Now, some might argue that the funding should be more equally spread, but parking the arguments for and against that, it’s been crystal clear for some time that the jam wasn’t going to be spread evenly, that bold and ambitious bids would be favoured, and those councils which didn’t seem to 'get' active travel would receive nothing or very little.

It's crucial to remember this, because if you want your authority to be mentioned in the winners section rather than with West Sussex and Worcestershire, you can make the point to your council and your councillors that money is now available, subject to being serious about enabling more people to walk and cycle.

Implications for wider transport funding  

Some campaigners have suggested that not getting funding for active travel schemes isn’t a problem for their council, because they just don’t want to do these schemes, full stop.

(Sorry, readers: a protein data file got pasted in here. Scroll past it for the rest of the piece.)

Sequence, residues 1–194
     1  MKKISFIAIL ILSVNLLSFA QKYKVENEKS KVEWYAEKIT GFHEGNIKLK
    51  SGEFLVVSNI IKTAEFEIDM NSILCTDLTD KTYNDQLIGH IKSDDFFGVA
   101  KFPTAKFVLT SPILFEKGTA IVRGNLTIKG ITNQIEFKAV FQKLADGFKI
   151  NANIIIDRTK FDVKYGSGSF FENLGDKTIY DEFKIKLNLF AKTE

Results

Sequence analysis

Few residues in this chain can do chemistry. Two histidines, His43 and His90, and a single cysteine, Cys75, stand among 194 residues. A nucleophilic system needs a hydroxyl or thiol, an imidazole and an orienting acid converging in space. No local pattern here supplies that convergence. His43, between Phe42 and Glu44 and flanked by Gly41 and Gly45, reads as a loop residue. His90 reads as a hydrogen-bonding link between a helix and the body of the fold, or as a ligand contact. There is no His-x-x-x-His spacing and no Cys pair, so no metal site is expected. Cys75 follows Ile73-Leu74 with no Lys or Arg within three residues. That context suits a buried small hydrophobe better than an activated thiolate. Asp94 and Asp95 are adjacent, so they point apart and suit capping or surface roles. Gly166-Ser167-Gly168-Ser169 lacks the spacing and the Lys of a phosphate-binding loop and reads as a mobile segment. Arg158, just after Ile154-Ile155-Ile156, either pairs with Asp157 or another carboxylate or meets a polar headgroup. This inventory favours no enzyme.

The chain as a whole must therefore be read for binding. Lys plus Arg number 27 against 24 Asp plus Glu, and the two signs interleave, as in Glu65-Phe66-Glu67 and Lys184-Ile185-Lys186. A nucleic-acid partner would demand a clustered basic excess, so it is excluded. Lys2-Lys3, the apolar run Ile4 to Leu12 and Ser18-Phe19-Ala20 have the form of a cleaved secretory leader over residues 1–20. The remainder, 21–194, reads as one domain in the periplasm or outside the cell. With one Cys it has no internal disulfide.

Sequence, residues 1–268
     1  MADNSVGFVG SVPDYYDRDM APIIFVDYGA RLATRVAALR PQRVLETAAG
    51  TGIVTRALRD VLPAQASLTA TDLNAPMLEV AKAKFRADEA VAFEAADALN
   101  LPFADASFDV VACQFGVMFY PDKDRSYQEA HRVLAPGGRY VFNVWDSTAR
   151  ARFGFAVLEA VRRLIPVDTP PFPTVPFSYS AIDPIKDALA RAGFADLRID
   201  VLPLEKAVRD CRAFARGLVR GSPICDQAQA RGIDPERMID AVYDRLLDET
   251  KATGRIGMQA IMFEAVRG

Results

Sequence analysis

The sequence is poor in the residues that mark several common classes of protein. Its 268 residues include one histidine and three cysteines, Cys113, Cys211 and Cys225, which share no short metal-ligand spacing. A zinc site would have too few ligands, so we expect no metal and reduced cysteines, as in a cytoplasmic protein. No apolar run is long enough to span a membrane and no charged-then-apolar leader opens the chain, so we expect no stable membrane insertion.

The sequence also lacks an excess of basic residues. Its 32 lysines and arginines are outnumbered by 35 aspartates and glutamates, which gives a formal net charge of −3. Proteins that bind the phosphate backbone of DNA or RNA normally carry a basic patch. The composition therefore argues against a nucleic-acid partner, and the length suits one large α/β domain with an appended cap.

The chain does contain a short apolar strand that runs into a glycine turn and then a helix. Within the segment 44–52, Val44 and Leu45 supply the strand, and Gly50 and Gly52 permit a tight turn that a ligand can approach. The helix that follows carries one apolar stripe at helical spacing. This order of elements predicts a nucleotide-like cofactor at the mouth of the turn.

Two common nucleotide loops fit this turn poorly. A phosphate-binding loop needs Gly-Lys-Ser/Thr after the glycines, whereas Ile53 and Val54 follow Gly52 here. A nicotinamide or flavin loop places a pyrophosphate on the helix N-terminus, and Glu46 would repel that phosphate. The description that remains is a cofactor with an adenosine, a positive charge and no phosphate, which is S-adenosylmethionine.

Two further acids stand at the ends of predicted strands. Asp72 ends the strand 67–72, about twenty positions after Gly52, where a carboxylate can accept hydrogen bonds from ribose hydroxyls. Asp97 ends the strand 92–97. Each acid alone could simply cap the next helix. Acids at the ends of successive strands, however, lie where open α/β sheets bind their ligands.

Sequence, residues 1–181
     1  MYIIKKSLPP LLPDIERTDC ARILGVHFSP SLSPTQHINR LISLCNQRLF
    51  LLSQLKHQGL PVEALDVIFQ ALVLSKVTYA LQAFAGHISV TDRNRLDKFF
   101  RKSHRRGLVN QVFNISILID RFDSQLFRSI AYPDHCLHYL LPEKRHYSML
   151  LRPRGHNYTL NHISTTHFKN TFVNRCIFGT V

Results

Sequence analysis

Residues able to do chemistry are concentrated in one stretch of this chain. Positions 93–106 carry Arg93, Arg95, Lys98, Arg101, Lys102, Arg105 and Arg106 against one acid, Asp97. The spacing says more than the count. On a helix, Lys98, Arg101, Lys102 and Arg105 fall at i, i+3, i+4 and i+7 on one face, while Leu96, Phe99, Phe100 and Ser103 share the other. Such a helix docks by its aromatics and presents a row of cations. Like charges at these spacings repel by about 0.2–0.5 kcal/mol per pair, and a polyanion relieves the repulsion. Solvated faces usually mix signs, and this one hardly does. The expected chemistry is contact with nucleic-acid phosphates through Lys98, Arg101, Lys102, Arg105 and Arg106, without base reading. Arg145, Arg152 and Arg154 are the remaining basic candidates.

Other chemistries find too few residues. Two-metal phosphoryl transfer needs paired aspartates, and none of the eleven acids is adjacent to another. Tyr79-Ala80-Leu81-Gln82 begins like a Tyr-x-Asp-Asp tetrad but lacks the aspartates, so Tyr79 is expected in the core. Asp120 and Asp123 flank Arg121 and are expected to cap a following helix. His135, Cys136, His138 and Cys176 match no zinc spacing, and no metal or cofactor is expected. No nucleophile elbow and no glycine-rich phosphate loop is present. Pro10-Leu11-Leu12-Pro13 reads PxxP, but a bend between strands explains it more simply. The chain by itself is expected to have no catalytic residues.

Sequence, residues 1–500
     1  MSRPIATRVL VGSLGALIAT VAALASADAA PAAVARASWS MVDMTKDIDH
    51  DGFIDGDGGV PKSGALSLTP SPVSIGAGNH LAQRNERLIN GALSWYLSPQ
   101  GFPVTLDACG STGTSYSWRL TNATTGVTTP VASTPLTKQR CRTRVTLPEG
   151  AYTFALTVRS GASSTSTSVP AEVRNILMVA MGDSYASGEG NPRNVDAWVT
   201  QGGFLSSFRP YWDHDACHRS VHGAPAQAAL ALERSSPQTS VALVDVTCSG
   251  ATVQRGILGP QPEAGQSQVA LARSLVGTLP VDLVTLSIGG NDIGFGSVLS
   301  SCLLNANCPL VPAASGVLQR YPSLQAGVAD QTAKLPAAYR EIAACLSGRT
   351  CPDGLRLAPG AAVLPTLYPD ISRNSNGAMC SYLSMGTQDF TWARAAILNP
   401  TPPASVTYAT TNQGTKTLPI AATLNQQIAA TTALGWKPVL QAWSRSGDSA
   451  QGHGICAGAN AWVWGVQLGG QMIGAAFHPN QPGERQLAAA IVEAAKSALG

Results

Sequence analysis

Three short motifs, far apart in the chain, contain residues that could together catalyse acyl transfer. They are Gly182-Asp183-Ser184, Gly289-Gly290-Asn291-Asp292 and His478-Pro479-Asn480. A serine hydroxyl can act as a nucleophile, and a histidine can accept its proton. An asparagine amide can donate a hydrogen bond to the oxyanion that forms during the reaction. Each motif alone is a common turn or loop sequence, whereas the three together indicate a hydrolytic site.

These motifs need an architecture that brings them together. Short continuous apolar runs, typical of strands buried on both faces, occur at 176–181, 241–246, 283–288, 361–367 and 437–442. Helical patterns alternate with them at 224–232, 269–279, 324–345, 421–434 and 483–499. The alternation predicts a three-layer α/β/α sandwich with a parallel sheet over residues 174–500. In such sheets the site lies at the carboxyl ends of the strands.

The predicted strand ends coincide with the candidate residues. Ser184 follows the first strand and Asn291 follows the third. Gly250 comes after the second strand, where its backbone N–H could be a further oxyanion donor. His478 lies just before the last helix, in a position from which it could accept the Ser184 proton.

The DfT, however, has made it clear that failure to reallocate road space to active travel can also have implications for councils’ wider transport funding, so just burying their head in the sand and ignoring active travel is unlikely to work.

The Government is also looking to consult on new guidance for local transport plans, and it looks likely that it will become increasingly difficult for local authorities to secure wider transport funding without showing commitments to active travel.

All of this presents opportunities for campaigners and campaigning, because councils can’t just glibly say there’s no cash available to them. North Tyneside, Oxfordshire and Slough show there can be, if councils submit ambitious schemes and don’t adopt the 'Amos approach' to guidance.

So, if your council had an election in early May and there’s new councillors in post, take a look at our election map to see which if any councillors supports our election manifesto for cycling.

 

 

If they said they would, you might want to ask them what they’re going to do to make sure your council gets proper funding next time.

And if you want to get more people cycling where you live, take a look at and connect with our Cycle Advocacy Network,or have a look at our campaigner’s toolkit for guides and advice on how to get involved with campaigning, and hopefully get your council to be one of the winners for cycling.